(delightful music)
(Andre groaning)

I'm almost there.

My heart is pounding.

My heart's just pounding.

Try to give me enough oxygen.

There's no air so we'll
just be quick about it.

(delightful music)

Holy Shit.

That cloud of gas behind me would kill me.

And it's kinda coming this
way a little bit, you can see.

Okay, I am inside the
crater of an active volcano.

I probably even shouldn't be touching this

but it's really, really hot.

The soil is fricking really hot.

(coughs) I probably shouldn't
stay here very long.

Oh! It just burns your eyes.

Okay, I'm out of here.

(delightful music)

- Oh my God!

It's impossible to breathe up here.

- [Andre] You all right?

- It's like chemical burn time.

Feels like the next closest
thing to mustard gas.

My shirt isn't exactly medical grade.

- [Andre] You want mine?

- Okay, here I go.

(delightful music)

(Scott groaning)

I'm still 50/50.

That's one of the most amazing things

I've ever seen in my entire life.

But this is one of the stupidest things

I've ever done in my entire life.

Way to go.

You did it first, buddy.

You inspire me.

Let's never do this again.

- [Andre] That's a good call.
- Okay.

To be honest, this is
really, really dangerous

and most of the time,

there's all kinds of shit

rolling down the side of the mountain.

Rock, lava, gas, water,
boiling water, cheerios,

I don't know, it doesn't matter.

It's dangerous.

(upbeat music)

- [Andre] Mind carrying the vest for me?

(Scott groaning)

It's a little sweaty.

(upbeat music)

- Enjoy that climb?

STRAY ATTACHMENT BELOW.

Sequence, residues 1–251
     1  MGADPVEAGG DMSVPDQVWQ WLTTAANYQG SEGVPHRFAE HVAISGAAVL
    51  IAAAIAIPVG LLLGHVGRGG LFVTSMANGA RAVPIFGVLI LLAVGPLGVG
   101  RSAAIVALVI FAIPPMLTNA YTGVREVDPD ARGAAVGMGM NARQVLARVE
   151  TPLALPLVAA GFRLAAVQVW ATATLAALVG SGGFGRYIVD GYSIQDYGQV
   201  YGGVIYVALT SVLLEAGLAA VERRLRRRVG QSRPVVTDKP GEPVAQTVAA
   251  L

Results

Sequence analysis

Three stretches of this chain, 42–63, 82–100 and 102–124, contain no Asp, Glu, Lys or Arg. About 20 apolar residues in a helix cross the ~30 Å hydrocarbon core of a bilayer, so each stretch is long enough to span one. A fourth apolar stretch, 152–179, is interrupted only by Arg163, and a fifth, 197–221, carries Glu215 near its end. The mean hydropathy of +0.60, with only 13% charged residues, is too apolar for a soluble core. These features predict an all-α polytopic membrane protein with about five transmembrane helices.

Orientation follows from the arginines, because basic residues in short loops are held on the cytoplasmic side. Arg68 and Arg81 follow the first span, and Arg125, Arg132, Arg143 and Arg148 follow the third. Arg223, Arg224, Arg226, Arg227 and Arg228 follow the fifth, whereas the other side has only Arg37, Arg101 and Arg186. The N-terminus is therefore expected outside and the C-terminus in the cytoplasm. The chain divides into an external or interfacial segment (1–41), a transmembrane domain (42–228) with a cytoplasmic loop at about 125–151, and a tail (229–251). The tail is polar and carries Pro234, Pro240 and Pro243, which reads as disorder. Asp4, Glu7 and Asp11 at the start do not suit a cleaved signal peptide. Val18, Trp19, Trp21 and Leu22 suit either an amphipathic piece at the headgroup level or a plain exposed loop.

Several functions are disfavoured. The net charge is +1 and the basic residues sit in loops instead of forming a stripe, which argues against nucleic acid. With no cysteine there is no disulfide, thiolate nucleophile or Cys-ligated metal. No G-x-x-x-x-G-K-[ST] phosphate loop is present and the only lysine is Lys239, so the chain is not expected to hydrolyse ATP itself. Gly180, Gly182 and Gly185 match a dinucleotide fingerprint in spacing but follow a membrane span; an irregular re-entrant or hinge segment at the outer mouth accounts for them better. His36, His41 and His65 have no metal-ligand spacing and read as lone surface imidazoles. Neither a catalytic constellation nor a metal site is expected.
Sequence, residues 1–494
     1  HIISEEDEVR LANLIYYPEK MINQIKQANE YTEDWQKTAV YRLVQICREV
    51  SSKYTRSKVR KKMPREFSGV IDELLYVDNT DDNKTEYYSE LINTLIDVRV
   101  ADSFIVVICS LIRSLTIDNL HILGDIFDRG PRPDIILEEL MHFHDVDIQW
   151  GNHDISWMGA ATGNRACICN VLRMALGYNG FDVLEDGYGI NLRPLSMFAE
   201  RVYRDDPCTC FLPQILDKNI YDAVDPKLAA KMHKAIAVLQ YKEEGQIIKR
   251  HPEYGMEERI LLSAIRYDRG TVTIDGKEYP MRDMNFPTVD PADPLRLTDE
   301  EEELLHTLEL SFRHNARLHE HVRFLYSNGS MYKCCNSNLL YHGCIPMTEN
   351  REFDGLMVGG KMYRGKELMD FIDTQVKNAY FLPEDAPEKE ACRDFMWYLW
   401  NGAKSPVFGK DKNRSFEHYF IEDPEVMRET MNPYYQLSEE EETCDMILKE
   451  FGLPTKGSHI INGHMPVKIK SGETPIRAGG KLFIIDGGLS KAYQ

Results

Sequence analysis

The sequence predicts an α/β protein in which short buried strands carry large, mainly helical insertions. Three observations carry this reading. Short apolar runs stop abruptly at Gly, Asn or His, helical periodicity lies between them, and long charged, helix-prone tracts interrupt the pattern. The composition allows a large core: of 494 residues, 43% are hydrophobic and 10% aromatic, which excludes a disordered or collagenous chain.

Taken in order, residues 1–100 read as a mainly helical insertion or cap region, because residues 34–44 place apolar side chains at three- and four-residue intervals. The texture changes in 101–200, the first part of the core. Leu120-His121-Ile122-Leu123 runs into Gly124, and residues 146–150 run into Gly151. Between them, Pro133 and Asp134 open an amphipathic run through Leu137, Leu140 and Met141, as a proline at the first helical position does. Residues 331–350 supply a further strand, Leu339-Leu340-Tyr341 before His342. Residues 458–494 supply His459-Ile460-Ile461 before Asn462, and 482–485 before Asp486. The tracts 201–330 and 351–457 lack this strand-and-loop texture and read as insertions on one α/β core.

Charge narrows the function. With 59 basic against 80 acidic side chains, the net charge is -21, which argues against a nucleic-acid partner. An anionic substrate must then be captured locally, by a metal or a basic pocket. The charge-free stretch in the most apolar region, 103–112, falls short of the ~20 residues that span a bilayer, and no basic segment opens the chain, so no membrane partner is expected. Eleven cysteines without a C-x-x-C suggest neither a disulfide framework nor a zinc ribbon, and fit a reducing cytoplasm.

- [Scott] It was rough.

- Yeah, it was.

- [Scott] How you doing?

- Good, the air is cleaner down here.

- It's terrible.

Amazing but terrible and terrifying.

(upbeat music)

- Oh! Acid sweat, burns the eyes.

- [Scott] Sulfuric acid.

- I hear it's good for you.

(upbeat music)

- It was good to be back
down at ground zero,

that's for sure.

- Look at where it starts

and it goes all the way
up over there (laughs).

- You guys are idiots, I think.

Honestly, you have no idea

what you guys just breathing in up there.

I saw you guys go up
then I was like, no way.

You guys just went up
there for like a minute.

You're up there for like good 20 minutes.

Hope you enjoyed it.

(upbeat music)

- During the second world war,

Papua New Guinea was a huge battleground.

Japanese came through

and occupied a lot of Papua New Guinea.

So consequently,

there's a lot of stuff
left here on the island.

We're gonna go in and see
a submarine base right now.

- There was an old man there

and his father and his grandfather
helped build the tunnels.

George was his name and he
was just full of information.

So you say it drops 300 meters.

- Yeah.

- That the submarines would come up here,

tie up to these things and
then load up with bombs

and all the ammunition and everything.

So we just go in here?

- Yeah, in there.

- How far does it go back?

- In and out.

- Oh! It goes in and out?

- Yeah.

- [Justin] How old were you
when they were doing this?

- I was 14.

14 years.

- [Justin] 14?
- Yes.

- [Justin] Oh! So you
remember it pretty well?

- I can speak a little
bit Japanese language.

(Justin speaking in foreign language)

(George speaking in foreign language)

- (laughs) I know a little bit
Japanese, very, very little.

Very little.

(George speaking in foreign language)

- (speaks in foreign
language) means tunnel.

- How long did they take to build this?

(George mumbling)

Three or four months you say?

How many people would
actually live down here?

- Well, thousands.

- [Justin] Thousands?

- Thousand.

- [Justin] Wow!

(upbeat music)

- They would have had
native slaves or prisoners

digging this up by hand.

Yeah, you can see here,

look at the pink-

- [Scott] Pink marks.

- [Nick] Pink marks all the way through.

- You have to do this all by hand,

you're a slave in your own backyard.

And then after the war ends,

then you just keep having
repetitive problems

with the volcano.

These people have to
endure a lot, don't they?

(delightful music)